The real poster child for government subsidies that have paid off royally would have to be nuclear power plants, which provide three times more low-emission electricity than hydro does–without destroying river and desert ecosystems.
I have a long and sordid history of capitalizing on tax credits. We received a $3,000 credit when we bought our Prius back in 2006, even though we would have bought it anyway. In hindsight, because the commercial success of the Prius has little if anything to do with that tax credit, I would chalk that subsidy up as an example of one that did not pay off, or to be more exact, a subsidy that did nothing but move money from the public larder into the pockets of lucky citizens in the market for a hybrid at the time, oh, and also into the pockets of dealerships who didn’t have to dicker about price. Before the tax credit, supply was just barely keeping up with demand. After the credit, we all had to put $1,000 down and wait several months for one to arrive.
A few years ago I capitalized on a $1,800 tax credit to upgrade my twenty-year-old furnace to a 95 percent efficient one. Would I have upgraded any way? Probably not because of the expense and added complexity, but I was motivated to upgrade quickly because there was a one year window and I didn’t want the furnace to die the year after the credit expired. In hindsight I realized that this tax credit was, in reality, a carefully crafted means of prying money out of bank accounts into a sagging economy, not so much an attempt to reduce natural gas use.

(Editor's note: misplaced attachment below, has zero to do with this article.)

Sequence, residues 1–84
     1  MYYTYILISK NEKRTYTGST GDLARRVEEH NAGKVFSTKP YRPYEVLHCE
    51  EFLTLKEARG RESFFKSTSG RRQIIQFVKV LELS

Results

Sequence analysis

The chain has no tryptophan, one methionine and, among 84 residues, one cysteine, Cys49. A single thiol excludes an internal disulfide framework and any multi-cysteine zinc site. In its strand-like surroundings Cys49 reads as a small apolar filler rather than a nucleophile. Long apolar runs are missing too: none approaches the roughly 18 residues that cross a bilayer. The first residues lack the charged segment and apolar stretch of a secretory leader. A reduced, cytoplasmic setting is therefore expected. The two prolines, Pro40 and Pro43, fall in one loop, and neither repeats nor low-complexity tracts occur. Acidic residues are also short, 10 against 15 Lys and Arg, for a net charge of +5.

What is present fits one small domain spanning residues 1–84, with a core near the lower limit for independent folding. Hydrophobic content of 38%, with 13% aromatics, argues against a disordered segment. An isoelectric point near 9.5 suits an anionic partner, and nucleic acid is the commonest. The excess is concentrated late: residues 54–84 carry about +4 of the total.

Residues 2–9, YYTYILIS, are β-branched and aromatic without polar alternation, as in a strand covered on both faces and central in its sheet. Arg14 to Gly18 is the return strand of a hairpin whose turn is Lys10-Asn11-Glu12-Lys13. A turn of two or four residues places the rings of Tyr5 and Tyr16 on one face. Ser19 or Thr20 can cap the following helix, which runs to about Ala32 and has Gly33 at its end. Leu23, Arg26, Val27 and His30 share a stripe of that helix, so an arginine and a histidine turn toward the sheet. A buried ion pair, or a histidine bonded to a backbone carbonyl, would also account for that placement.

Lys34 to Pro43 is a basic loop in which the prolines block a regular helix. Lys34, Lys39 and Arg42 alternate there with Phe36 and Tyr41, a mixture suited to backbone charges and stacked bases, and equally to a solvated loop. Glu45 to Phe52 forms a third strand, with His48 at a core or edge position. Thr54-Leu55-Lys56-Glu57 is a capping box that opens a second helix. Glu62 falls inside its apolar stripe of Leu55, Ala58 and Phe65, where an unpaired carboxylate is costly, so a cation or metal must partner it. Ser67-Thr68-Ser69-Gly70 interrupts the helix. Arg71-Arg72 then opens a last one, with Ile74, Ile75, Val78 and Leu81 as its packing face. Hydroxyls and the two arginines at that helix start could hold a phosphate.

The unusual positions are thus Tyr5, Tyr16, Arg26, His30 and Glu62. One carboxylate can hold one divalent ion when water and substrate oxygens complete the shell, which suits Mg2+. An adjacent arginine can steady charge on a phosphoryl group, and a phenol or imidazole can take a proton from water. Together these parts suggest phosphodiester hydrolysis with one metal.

As the owner of a 23 year-old Cherokee, I desperately wanted to take advantage of the cash for clunkers handout as well and would have done so had the Leaf been an option at the time. Speaking of which, we will soon receive a $7,500 rebate on the purchase of our Leaf (in addition to the $3,000 we did not pay in state sales taxes).
Add that up somebody. Was it worth it? I don’t know, but we sure use a lot less oil than we did five years ago.